Billboard caught up with the country star Darius Rucker, who is about to release a new album titled Southern Style, to talk about balancing family and career and his Southern pride.
Most country stars record in Nashville, which is filled with great studios and session players. Why do you do it at home in Charleston?
I like living a normal life, dropping off and picking up my kids at school and all that stuff, while also spending a little time doing some vocals on a record. So we just hang out at my house when we record. You still come up with something great, but it’s not like when we’re having five sessions a day and trying to knock it out. It’s pretty laid-back. And it definitely affects my vocals because I’m always so much happier and so much more relaxed.
You often sing about your family life, which not many artists were doing in country when you crossed over from pop. What difference has that made for you?
I live a pretty normal life, besides the fact that daddy has to go sing for people on the weekends. That’s the way I want it. I get asked, “Why don’t you do this? Why don’t you do that?” We’ve turned down some great things. I want to play the music and raise the kids. There was a time when it wasn’t that way. But I’m 48 now. I’ve been blessed to be in the music business on a national scale for 20 years.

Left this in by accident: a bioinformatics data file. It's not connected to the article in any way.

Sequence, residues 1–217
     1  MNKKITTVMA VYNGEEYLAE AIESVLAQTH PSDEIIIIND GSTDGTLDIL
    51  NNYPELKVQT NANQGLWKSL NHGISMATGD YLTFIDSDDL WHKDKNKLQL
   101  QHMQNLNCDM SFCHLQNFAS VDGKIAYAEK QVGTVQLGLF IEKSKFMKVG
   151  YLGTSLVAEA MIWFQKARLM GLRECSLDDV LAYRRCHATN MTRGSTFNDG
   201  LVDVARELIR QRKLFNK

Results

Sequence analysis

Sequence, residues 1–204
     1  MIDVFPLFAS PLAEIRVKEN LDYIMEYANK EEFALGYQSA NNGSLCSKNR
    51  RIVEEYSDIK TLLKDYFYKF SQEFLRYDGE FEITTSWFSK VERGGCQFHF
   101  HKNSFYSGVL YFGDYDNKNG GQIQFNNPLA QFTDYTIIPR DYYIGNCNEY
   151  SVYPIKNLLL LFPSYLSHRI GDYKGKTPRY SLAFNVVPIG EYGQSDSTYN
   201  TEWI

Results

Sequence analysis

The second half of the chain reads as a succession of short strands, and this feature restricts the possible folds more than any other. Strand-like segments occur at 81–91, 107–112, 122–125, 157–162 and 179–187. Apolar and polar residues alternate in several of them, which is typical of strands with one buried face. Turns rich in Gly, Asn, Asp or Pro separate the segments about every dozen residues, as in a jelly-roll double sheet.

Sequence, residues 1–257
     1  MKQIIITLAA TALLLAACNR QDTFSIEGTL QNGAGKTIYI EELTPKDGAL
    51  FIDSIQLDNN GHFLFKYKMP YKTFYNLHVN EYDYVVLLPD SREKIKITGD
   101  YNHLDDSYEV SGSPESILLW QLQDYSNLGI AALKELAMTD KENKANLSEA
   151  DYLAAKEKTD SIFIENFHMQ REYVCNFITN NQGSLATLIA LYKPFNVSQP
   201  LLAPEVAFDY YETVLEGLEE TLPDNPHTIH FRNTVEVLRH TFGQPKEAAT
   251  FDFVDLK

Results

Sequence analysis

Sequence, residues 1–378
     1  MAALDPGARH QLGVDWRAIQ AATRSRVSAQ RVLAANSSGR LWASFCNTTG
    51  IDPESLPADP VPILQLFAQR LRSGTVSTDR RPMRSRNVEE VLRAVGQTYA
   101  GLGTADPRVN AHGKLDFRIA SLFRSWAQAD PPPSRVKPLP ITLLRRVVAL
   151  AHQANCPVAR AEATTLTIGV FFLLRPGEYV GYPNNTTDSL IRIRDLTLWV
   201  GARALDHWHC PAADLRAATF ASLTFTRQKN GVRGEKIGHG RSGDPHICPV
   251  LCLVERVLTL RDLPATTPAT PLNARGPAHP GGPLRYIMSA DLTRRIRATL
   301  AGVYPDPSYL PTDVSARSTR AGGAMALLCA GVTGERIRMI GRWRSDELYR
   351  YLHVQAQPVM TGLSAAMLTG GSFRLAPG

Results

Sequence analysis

This isn’t your first album to reference Southern identity. When did that find an important place in your music?
I don’t know when it happened. It was just like all of a sudden, not every song, but one out of every 10 songs had the word “south” or “Charleston” or “Carolina” in it. A lot of people I write with know my pride in where I’m from.
Has singing country altered your vocal approach through the years?
I don’t know how it has changed it, because I never think that way. I try to keep my approach pretty simple and straightforward. I just sing what I feel — I never think I’m doing anything that different. Then you listen back and you go, “That doesn’t really sound like [Hootie & The Blowfish‘s 1994 smash single] ‘Hold My Hand.’ ” But, you know, I’m just singing.
This story originally appeared in the April 4th issue of Billboard.